“The record air temperatures and corresponding sea surface temperatures are entirely consistent. However, within the climate system the oceans act as a ‘fly-wheel’ and the vast amount of heat that have absorbed over the last several decades will remain with us for a very long time to come.” 

What sea surface temperatures records were broken in Australia in 2023? 

Dr Chris Chapman, Ocean Dynamics Team Leader, explains: 

“It is still too early to assess if record temperatures were broken in and around Australia in 2023. However, late spring saw the development of a strong marine heatwave between the Victorian board and southern Tasmania that may rival the infamous 2015/2016 event.

“Very warm temperatures were found across the Great Barrier Reef region between July and September. Australia’s west coast experienced very high temperatures between the southwest and northwest capes from November through to mid-December, likely due to an intensified Leeuwin current.” 

What bearing will this record have on the global climate system and our ability to limit warming to well below 2 degrees?  

Dr James Risbey, Climate Variability and Hazards Team Leader says:  

“Rising temperatures bring into play a range of feedbacks in the climate system that can further increase greenhouse gas concentrations and global temperature.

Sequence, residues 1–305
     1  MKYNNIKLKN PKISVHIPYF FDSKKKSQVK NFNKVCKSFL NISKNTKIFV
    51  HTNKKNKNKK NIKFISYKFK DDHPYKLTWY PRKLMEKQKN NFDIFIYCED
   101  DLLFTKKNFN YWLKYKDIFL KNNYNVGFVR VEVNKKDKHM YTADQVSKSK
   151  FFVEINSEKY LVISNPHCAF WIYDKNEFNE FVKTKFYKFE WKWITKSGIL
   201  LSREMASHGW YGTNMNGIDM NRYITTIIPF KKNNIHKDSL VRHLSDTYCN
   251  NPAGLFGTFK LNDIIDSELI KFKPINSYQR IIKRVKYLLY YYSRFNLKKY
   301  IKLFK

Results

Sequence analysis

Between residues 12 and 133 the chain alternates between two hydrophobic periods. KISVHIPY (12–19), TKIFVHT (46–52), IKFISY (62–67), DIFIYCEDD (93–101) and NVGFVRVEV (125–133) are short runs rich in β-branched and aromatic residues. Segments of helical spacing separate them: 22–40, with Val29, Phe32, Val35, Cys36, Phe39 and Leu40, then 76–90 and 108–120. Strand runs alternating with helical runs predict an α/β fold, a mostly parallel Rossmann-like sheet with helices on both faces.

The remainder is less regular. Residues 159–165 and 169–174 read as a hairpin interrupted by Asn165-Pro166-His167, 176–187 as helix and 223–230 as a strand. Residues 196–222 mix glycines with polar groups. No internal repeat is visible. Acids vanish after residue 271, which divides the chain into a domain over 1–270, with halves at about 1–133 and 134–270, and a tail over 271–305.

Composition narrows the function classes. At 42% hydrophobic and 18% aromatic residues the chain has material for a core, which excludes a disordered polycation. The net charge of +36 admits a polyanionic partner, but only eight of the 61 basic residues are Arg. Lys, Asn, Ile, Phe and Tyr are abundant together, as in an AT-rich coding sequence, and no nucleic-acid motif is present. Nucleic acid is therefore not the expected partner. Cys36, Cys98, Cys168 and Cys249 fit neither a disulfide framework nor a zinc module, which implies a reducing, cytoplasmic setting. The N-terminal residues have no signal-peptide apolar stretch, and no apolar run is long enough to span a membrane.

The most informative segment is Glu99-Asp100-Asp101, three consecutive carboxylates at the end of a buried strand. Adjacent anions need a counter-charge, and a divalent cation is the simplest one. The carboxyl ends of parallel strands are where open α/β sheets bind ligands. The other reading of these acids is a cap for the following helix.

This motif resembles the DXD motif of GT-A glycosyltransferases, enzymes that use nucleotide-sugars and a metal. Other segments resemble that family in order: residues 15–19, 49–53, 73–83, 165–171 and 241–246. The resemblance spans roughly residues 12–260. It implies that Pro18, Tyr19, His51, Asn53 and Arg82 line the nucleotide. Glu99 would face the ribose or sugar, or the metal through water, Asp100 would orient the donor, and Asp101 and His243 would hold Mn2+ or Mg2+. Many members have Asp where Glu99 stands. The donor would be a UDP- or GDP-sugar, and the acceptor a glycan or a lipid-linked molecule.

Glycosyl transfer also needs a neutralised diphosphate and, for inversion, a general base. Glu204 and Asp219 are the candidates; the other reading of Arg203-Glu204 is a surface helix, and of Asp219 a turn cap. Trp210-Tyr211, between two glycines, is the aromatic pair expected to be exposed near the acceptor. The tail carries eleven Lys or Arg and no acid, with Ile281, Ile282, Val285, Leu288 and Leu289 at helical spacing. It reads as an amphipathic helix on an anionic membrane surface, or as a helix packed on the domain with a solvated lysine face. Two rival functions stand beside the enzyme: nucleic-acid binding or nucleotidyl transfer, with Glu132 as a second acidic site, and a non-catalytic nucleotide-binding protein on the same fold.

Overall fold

“As temperatures move towards the 2 degree and above level, the main factor that can limit that is rapid reductions in emissions of greenhouse gases.” 

The year was around 1.4 °C above the pre-industrial temperature. Does this mean we are almost at the ambitious 1.5 °C limit from the Paris Agreement? 

Dr Michael Grose, Research Scientist says: 

“Not quite. The limits in the Paris Agreement are about the long-term trend in temperature, not one particular year. The Earth warmed by around 1.1 degrees Celsius up to the last decade, and if we look at trends up to 2023, we are at between 1.2 and 1.3 degrees Celsius. We are on track to reach the 1.5 degrees Celsius limit in the early 2030s, but we will see years above this (and below) before we do.” 

What does the 2023 record underscore about the urgency of the climate challenge and the need to mitigate rising greenhouse gas emissions? 

Dr Zoë Loh, Observations – Greenhouse Gases Team Leader says:  

“It is both critical and urgent that we reduce greenhouse gas emissions. Climate change is driven by rising concentrations of greenhouse gases in the atmosphere.

“Until we cut anthropogenic emissions to zero, greenhouse gas concentrations will continue to rise, driving further warming. To avoid smashing heat records year on year, we must reduce emissions as a matter of priority.” 


Last year, 2023, was officially the hottest year in recorded history.
Near global ocean heat content reconstruction. Taken from the 2022 Australian State of the Climate report. ©  CSIRO and Bureau of Meteorology
Copernicus’ full record, which now includes November and December data, saw that record temperature updated to 1.48 degrees Celsius above pre-industrial temperatures.
Forecasting released during spring in Australia suggested above-average ocean temperatures were likely to occur around Australia over summer.